Be Reasonable

Prove that sqrt2, sqrt3 and sqrt5 cannot be terms of ANY arithmetic progression.

In y = ax +b when are a, -b/a, b in arithmetic progression. The polynomial y = ax^2 + bx + c has roots r1 and r2. Can a, r1, b, r2 and c be in arithmetic progression?

Proof Sorter - Sum of an AP

Use this interactivity to sort out the steps of the proof of the formula for the sum of an arithmetic series. The 'thermometer' will tell you how you are doing

Summats Clear

Stage: 5 Challenge Level:

Vassil from Lawnswood School, Leeds, Michael from Madras College St Andrews and Koopa Koo from Boston College all solved this problem, well done all of you.

Here is Vassil's solution:

Let $f(n)$ denote the sum of the first $n$ terms of the sequence $$0, 1, 1, 2, 2, 3, 3,\ldots , p, p, p+1, p+1,\ldots.$$

First I tried with several numbers. Let $n=15$. Then $f(15)=2 \times (1+2+3+4+5+6+7)=7 \times 8$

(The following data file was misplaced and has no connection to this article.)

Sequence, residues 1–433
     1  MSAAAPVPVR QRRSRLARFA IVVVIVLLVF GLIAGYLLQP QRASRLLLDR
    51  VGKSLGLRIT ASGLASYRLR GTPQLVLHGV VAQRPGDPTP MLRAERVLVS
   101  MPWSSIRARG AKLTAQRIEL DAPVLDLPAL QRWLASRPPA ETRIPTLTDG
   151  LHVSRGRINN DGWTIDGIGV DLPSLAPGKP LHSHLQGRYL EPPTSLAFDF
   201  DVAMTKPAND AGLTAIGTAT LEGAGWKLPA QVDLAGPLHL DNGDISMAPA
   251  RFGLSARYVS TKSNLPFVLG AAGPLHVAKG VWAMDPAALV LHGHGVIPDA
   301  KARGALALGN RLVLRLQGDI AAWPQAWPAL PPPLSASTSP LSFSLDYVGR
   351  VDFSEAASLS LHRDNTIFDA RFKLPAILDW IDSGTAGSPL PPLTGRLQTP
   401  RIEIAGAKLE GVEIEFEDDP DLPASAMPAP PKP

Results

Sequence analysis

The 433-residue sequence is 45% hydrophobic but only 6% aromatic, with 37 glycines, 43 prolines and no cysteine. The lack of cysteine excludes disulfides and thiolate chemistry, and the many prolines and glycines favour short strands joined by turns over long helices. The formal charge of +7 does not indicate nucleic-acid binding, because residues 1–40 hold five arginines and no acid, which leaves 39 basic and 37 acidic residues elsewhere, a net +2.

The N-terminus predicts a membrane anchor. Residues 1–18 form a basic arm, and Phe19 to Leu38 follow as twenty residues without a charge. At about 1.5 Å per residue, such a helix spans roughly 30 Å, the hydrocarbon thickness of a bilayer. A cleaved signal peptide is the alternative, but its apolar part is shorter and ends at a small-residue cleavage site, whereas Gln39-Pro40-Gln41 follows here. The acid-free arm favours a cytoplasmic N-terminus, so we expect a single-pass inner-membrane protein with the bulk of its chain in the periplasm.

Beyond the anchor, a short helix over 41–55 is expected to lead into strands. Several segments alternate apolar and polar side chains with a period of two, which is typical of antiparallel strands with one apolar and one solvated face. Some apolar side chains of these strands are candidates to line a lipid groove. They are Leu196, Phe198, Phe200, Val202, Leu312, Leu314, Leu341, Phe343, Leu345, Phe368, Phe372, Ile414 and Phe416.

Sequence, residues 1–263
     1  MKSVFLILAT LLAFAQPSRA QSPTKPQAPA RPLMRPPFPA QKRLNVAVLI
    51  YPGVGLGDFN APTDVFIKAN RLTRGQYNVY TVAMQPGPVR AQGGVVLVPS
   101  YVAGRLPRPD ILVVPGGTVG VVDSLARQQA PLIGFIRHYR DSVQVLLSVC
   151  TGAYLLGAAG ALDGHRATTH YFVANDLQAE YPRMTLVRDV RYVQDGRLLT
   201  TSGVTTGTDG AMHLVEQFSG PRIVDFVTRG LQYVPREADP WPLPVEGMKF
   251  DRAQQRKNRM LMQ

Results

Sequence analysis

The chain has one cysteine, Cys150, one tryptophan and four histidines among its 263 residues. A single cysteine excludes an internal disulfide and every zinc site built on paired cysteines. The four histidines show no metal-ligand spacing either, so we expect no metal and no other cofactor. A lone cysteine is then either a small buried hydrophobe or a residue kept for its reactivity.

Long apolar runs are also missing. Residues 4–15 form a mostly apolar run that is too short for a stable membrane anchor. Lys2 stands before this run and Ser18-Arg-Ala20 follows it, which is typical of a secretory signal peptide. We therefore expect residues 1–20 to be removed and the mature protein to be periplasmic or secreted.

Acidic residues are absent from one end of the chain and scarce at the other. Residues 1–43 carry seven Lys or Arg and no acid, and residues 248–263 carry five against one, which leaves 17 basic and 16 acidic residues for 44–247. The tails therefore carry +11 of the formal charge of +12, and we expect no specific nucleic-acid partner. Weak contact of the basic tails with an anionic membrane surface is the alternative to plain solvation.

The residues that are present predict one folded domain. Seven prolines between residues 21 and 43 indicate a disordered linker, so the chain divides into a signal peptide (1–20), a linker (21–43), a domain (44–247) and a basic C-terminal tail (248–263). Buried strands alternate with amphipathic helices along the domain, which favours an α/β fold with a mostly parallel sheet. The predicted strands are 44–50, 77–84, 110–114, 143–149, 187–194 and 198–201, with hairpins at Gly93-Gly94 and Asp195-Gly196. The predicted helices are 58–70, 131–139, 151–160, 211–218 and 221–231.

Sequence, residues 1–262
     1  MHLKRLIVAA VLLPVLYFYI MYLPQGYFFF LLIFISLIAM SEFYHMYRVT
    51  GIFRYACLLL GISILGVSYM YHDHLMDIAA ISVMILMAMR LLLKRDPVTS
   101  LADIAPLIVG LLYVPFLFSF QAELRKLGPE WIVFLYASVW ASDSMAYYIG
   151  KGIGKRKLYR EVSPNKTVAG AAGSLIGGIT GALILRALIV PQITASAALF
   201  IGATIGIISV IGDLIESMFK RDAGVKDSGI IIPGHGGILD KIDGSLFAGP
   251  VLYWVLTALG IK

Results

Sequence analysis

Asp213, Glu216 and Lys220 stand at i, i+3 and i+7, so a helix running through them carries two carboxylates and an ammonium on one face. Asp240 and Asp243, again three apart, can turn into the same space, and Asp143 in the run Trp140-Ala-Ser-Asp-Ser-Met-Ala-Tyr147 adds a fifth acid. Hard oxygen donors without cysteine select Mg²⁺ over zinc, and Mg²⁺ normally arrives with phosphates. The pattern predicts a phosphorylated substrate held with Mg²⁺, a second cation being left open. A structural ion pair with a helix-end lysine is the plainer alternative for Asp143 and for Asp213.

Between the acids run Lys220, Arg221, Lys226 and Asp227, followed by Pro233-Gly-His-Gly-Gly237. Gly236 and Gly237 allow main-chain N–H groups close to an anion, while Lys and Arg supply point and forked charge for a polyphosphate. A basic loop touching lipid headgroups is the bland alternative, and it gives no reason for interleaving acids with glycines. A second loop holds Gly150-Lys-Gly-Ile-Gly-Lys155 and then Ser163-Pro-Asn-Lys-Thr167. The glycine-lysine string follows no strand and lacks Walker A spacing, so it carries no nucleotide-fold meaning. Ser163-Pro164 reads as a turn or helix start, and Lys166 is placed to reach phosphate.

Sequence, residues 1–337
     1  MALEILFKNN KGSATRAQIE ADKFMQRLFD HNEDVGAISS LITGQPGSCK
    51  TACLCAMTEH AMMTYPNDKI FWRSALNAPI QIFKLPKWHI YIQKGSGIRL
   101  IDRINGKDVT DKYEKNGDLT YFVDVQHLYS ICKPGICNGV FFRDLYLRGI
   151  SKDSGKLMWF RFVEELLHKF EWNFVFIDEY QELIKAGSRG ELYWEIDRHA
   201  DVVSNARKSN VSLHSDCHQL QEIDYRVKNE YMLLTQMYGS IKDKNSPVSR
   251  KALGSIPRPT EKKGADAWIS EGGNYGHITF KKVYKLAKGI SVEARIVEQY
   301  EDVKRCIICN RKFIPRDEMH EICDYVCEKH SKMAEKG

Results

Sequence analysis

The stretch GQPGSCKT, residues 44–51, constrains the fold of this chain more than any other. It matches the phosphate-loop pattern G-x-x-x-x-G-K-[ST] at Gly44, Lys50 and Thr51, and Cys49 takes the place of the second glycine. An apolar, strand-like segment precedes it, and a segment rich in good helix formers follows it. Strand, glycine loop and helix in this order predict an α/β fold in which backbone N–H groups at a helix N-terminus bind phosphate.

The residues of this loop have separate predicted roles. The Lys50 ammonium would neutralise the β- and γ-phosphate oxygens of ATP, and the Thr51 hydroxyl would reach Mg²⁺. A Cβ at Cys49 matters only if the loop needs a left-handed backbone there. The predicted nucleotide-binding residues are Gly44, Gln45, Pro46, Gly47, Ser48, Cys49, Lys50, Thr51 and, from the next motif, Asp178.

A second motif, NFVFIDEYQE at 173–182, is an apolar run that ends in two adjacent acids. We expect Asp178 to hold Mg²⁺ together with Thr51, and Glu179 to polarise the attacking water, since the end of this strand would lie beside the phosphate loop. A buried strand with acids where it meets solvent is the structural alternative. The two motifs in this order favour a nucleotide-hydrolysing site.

where the sequence is: 0, 1, 1, 2, 2, 3, 3, 4, 4, 5, 5, 6, 6, 7, 7.

Let $n=14$. Then $f(14)=2 \times (1+2+3+4+5+6+7)-7=7 \times 7$
where the sequence is: $0, 1, 1, 2, 2, 3, 3, 4, 4, 5, 5, 6, 6, 7$.

Let $n=17$. Then $f(17)=2 \times (1+2+3+4+5+6+7+8)=8 \times 9$
where the sequence is: $0, 1, 1, 2, 2, 3, 3, 4, 4, 5, 5, 6, 6, 7, 7, 8, 8$.

Let $n=16$. Then $f(16)=2 \times (1+2+3+4+5+6+7+8)-8=8 \times 8$
where the sequence is: $0, 1, 1, 2, 2, 3, 3, 4, 4, 5, 5, 6, 6, 7, 7, 8$.

I noticed that the formula for $f(n)$ depends on whether $n$ is odd or even.

${\bf Case}$ ${\bf I}$ - $n$ is odd, i.e. $n=2k+1$

Then \eqalign { f(n) = 2(1+2+...+k)\cr = 2k(k+1)/2 \cr = {\left(n - 1\over 2\right)}{\left(n+1\over 2\right)}.}

${\bf Case}$ ${\bf II}$ - $n$ is even, i.e. $n=2k$

\eqalign { f(n) = 2(1+2+...+k) - k \cr = k^2 + k - k \cr = k^2 \cr = \left({n\over 2}\right)^2.}

Now we have to calculate $f(a+b)-f(a-b)$.

There are two cases. In the first case, when one of $a$ and $b$ is even and the other is odd, then $(a+b)$ and $(a-b)$ are both odd. Otherwise $(a+b)$ and $(a-b)$ are both even.

Case I $(a+b)$ and $(a-b)$ both odd. \eqalign{ f(a + b) - f(a - b) = {(a + b)^2 - 1\over 4} - {(a - b)^2 - 1\over 4} \cr = ab.} Case II $(a+b)$ and $(a-b)$ both even. \eqalign{ f(a + b) - f(a - b) = {(a + b)^2\over 4} - {(a - b)^2\over 4} \cr = ab.}